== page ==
What’s next in health reform?

Monday, May 01, 2017 12:10 PM
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Predicting the future of federal health care reform through the repeal-and-replace debate

by Kate Alfano, CMS Communications Coordinator

The Affordable Care Act (ACA) is changing, or is it? It is difficult to discern whether it will be repealed, replaced or repaired, particularly as information changes from week to week. The Colorado Health Institute (CHI), a nonpartisan health policy research institute, has deployed a team of analysts to look at this evolving issue and will produce a series of reports through an effort they’re calling “Re:ACA.” The team’s first analysis – “What now? Five next steps for the Affordable Care Act in Colorado and five lessons learned from the repeal and replace debate” – published March 29, comes from Joe Hanel, CHI manager of public policy outreach.

“The 18-day lifespan of the American Health Care Act (AHCA) left many open questions about the future direction of national health policy, but it also clarified the boundaries of the debate,” Hanel wrote. “Affordability of health care and insurance and the sustainability of private and government spending remain the primary challenges.”

Federal lawmakers quickly learned that insurance coverage matters. After the Congressional Budget Office estimated that 24 million Americans would lose health coverage under the AHCA, news reports were flooded with footage of angry constituents at town hall meetings. “Future bills are likely to be judged against the coverage expansion brought by the ACA,” Hanel wrote.

In Colorado, the uninsured rate under the ACA dropped by more than half, from 14.3 percent in 2013 to 6.7 percent in 2015. Colorado achieved near-universal insurance for children, with just 2.5 percent uninsured. An estimated 465,000 people joined Medicaid through the expansion and another 100,000 receive subsidies through Connect for Health Colorado, the state’s insurance exchange. CHI projects that the quick growth of Colorado Medicaid has stabilized to cover roughly one-quarter of the state’s population. “Any proposal, either in Colorado or nationally, that would raise the number of uninsured would have a hard time passing.”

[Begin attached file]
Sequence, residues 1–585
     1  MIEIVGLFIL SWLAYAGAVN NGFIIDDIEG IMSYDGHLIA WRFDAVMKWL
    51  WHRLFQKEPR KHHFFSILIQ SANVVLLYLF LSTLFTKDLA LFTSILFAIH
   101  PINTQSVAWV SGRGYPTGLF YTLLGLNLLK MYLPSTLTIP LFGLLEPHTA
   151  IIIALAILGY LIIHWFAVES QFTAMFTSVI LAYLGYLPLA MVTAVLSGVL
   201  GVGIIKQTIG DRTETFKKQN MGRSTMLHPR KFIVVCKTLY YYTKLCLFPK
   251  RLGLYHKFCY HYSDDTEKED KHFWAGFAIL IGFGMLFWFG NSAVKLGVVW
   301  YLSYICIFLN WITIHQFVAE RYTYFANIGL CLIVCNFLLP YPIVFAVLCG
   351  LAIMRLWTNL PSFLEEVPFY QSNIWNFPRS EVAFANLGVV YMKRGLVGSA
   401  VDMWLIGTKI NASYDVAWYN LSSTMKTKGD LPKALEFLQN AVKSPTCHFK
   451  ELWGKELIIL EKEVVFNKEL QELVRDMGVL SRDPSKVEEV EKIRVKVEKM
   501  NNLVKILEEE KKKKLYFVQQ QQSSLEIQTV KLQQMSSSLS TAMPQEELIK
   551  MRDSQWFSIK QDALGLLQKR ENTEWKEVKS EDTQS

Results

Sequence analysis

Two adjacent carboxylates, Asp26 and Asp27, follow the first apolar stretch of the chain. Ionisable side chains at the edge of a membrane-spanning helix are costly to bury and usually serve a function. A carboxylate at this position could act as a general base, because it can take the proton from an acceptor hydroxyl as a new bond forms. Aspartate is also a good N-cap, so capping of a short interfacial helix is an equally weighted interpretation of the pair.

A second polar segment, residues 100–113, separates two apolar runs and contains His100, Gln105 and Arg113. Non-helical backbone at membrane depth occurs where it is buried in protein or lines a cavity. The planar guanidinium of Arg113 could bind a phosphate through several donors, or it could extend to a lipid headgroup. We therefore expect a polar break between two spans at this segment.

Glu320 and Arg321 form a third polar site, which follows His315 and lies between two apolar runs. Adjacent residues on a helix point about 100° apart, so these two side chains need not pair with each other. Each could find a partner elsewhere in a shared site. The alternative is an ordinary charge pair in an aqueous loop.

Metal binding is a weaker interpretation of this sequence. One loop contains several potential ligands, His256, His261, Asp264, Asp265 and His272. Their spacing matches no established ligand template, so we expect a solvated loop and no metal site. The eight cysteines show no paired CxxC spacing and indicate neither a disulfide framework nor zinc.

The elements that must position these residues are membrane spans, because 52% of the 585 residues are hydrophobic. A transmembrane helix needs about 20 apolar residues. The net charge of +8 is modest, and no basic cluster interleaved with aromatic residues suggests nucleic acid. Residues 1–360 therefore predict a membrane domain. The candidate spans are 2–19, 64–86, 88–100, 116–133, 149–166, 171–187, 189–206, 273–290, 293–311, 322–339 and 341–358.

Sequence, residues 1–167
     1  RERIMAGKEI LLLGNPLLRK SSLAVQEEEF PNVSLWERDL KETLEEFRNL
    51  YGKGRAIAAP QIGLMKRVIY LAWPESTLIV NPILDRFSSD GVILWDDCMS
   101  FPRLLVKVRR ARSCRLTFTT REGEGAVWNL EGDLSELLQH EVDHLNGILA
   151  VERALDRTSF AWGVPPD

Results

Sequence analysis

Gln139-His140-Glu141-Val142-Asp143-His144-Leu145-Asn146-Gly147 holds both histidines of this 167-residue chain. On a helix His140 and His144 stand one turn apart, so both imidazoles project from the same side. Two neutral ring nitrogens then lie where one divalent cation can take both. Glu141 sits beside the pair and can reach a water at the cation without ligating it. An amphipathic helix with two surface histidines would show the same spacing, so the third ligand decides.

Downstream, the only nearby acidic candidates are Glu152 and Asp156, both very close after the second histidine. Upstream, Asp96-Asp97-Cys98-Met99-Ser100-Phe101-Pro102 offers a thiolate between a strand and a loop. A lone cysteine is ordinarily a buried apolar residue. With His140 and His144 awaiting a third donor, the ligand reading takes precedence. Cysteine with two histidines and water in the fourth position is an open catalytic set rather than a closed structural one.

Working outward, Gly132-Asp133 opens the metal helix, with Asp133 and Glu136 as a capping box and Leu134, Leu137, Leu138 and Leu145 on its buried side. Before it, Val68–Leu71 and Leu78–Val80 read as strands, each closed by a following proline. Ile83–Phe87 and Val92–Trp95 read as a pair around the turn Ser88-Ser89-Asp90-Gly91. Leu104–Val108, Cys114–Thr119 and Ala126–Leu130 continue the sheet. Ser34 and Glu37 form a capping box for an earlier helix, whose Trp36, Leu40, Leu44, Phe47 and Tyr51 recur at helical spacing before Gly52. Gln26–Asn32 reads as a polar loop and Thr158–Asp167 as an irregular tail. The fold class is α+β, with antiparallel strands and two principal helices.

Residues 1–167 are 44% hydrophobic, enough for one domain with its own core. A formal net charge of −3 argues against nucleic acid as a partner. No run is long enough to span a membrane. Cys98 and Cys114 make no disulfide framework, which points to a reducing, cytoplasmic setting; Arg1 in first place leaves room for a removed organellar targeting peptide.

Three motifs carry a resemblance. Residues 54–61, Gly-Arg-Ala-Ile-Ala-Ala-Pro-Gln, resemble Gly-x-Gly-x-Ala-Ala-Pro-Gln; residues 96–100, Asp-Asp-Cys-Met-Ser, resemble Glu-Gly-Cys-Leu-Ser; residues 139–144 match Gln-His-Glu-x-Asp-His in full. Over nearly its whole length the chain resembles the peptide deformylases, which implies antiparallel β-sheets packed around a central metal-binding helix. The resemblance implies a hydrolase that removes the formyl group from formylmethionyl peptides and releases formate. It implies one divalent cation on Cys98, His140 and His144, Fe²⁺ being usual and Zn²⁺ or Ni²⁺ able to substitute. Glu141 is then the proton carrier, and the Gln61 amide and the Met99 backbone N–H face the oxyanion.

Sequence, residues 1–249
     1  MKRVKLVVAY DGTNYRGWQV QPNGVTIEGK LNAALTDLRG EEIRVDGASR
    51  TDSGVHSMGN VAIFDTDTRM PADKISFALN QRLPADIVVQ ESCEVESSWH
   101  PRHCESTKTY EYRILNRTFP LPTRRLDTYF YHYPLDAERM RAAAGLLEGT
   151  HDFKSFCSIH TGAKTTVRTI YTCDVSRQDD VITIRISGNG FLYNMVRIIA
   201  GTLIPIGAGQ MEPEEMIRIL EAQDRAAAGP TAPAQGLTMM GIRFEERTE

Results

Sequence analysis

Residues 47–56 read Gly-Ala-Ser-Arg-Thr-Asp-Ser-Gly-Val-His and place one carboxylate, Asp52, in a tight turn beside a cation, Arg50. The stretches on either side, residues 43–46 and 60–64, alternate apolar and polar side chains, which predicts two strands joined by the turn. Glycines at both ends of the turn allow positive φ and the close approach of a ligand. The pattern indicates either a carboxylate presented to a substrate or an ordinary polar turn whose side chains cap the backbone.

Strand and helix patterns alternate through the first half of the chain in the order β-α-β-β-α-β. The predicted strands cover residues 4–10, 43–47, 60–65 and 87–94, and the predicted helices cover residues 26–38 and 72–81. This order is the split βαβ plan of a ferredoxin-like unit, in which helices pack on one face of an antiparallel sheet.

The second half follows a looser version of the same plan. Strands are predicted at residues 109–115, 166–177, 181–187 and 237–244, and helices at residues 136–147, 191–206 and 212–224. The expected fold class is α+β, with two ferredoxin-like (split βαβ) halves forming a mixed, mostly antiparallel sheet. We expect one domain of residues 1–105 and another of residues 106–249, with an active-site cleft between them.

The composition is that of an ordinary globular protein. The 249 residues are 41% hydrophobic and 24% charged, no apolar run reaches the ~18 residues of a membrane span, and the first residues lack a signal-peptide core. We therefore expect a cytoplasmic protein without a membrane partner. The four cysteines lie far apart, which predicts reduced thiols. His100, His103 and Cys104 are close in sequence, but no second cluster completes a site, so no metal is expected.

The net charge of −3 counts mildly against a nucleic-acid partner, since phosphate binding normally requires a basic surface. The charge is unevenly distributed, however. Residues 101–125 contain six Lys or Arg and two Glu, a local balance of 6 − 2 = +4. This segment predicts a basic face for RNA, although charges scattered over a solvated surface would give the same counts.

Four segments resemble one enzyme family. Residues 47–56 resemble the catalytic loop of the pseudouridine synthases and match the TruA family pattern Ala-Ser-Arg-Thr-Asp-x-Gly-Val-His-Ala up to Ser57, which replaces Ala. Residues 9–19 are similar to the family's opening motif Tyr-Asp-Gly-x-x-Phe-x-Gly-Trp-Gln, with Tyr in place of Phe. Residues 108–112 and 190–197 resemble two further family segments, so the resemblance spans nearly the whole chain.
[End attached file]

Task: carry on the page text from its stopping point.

Colorado employs a program called the Accountable Care Collaborative (ACC) that has produced impressive cost savings in Colorado Medicaid since its inception six years ago, but without the federal government’s matching funds under the ACA – which covers 94 percent of the cost of the expansion – the expansion would certainly be unaffordable as state lawmakers already divvy out limited funds among competing priorities.

Looking forward
“With Congress seemingly stalled on health policy, states have a tool to start designing their own systems,” Hanel wrote. “The ACA offers states wide latitude to alter major parts of the law through what’s known as a 1332 waiver, as long as coverage and federal costs are not negatively affected. Congressional approval is not needed for these waivers, although they do need to be approved by the U.S. Department of Health and Human Services. With Congress at a stalemate, it’s possible the next big idea in health policy will be generated at the state level.”

“Republican members of Congress pitched repeal of the ACA and its replacement by the AHCA as a simple fix for the country’s costly health system,” Hanel wrote. “The AHCA’s fate demonstrates that no easy solutions exist. Similarly, for proponents of the ACA, their victory in Congress does not mean that health care problems have been solved. Instead, future reforms will have to diagnose specifically what is wrong with the system and make targeted repairs. The work will be slow and painstaking.”

Follow CHI’s continuing coverage of federal health care reform on their website, www.coloradohealthinstitute.org.

Posted in: Colorado Medicine | Health System Reform


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